The Laws of Magic and the Soul
Breaking the first four laws always stains the soul. Breaking the the 5th and 7th laws violate the natural order of things, but can in some circumstances also stain the soul. The White Council always assumes that violating the 5th and 7th has gone far enough to stain the soul, or that it will eventually. Breaking the 6th law doesn't stain the soul but causes so many problems that it might as well as far as the council is concerned. Breaking the 6th law always breaks the natural order of things.
Who is subject to the Laws?
This question really has two parts, whose soul gets marked by Lawbreaking acts, and whom do the Wardens hunt down and punish.
Creatures with Souls
Any creature with a soul is subject to the metaphysical laws Only things born as mortals have a soul. Souls can be lost, given up, or subverted to the will of another being. In game terms those things which do have souls are Mortal Practitioners, Mortals, Scions (The first Merlin was a half-demon, scions are mortal and have souls), Changelings (before choosing to be faeries or after choosing to be mortals), People of Faith (they also answerable to a more stringent set of rules), Classic Werewolves, Hexen Wolves, Lycanthropes, White Court Vampires and Virgins, Red Court Infected and The Summer and Winter Knights. There might also be some strange things which count as having souls, intelligent zombies (ie a wizard cursed to reside in an undead body) but those exceptions are for a GM to rule on.
Creatures without Souls
The following creatures do NOT have souls and are not subject to the metaphysical laws: Demons, Dragons, Faeries, Ghosts, Ghouls, Gods, Hecatean Hags, Old Ones, Outsiders, Spirits, Full Red Court Vampires, Black Court Vampires, Warped Animals, Valkyries, Zombies, and Wolfweres.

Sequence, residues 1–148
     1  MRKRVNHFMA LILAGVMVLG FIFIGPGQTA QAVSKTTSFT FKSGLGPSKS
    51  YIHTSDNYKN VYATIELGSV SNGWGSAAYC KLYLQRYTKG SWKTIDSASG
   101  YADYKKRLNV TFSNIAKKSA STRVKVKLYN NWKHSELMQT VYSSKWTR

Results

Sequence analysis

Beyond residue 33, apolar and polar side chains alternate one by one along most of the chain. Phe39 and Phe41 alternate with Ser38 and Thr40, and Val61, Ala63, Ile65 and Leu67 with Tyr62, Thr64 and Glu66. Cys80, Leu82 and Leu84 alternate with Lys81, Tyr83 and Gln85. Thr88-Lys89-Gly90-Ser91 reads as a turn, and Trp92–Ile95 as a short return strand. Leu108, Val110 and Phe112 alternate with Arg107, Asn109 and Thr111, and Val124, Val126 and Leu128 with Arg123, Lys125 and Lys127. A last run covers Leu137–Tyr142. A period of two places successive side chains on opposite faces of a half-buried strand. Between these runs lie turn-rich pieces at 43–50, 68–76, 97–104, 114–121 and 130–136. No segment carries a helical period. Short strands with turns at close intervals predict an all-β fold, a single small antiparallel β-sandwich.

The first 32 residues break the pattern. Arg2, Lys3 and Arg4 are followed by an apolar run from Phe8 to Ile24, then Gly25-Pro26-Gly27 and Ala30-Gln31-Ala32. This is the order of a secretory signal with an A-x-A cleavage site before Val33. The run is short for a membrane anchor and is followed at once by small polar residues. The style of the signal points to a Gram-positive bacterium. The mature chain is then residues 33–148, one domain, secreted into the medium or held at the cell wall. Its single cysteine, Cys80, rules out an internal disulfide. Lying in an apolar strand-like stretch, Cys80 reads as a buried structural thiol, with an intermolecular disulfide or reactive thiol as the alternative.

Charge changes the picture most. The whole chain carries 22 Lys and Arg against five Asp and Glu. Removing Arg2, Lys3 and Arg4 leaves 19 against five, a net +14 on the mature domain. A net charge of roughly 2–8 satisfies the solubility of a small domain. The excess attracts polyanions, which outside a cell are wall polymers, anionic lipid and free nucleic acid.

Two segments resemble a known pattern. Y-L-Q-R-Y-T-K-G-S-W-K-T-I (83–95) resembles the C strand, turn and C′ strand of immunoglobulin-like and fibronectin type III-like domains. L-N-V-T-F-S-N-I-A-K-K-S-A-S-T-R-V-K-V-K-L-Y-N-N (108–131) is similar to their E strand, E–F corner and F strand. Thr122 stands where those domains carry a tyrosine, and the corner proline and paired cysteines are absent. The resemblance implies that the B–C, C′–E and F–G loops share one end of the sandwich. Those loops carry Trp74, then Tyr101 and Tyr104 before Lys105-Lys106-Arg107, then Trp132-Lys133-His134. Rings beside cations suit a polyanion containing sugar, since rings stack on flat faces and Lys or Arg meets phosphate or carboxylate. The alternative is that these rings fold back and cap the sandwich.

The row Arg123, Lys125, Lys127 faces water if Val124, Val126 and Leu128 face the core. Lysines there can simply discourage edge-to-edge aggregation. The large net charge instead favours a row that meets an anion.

A few things deserve mention:
In the end the Unseelie Accords, the Council itself and politics determine who are subject to the Council. A few creatures whom at first glance might be under the Council's authority may or may not be. A good example is Dresden himself once he becomes the Winter Knight. Becoming the Winter Knight doesn't mean he loses his soul, or leaves the White Council, it just puts another player in the game, the Winter Court. If Dresden breaks a Law it stains his soul, and the Wardens probably come after him, unless the Winter Court steps in and protects him and causes a political fight.
Outside the Council's Authority
Not being subject to the Councils authority doesn't mean a character can break the laws, it just means its not the Council's job to enforce them, unless of course the Wardens think they can get away with it. A character also cant just claim immunity from the Council. Think about the factions as countries metaphor, a person must be the citizen of some country, even if they don't like the country. In order to cease being a citizen of one country a person must become a citizen of another. Yes I know there are some exceptions, they are homeless and living in airports, that is not a game option.
Only those characters which meet the requirements of having a soul, and being under the Council's authority (even if its questionable) can take Lawbreaker stunts. In game terms the cost of the stunt (-1 refresh) for a +1 across the board bonus is too cheap, especially when stacked with other specializations and refinements unless the Wardens are looking for the character. Doing something to completely remove a character from the Councils authority (like becoming a Denarians) voids any Lawbreaker stunts the character might have.
Getting screwed without the bonus
A character doesn't have to actually get credit for the Lawbreaker stunt for the Council to come after them. The Council can do it even if the character is not guilty or cant take the stunt for some other reason. If a
Specific Notes on the Laws
Taking life applies to anything with a soul. That isn't to say killing something without a soul doesn't stain, its just not covered by the Laws of Magic.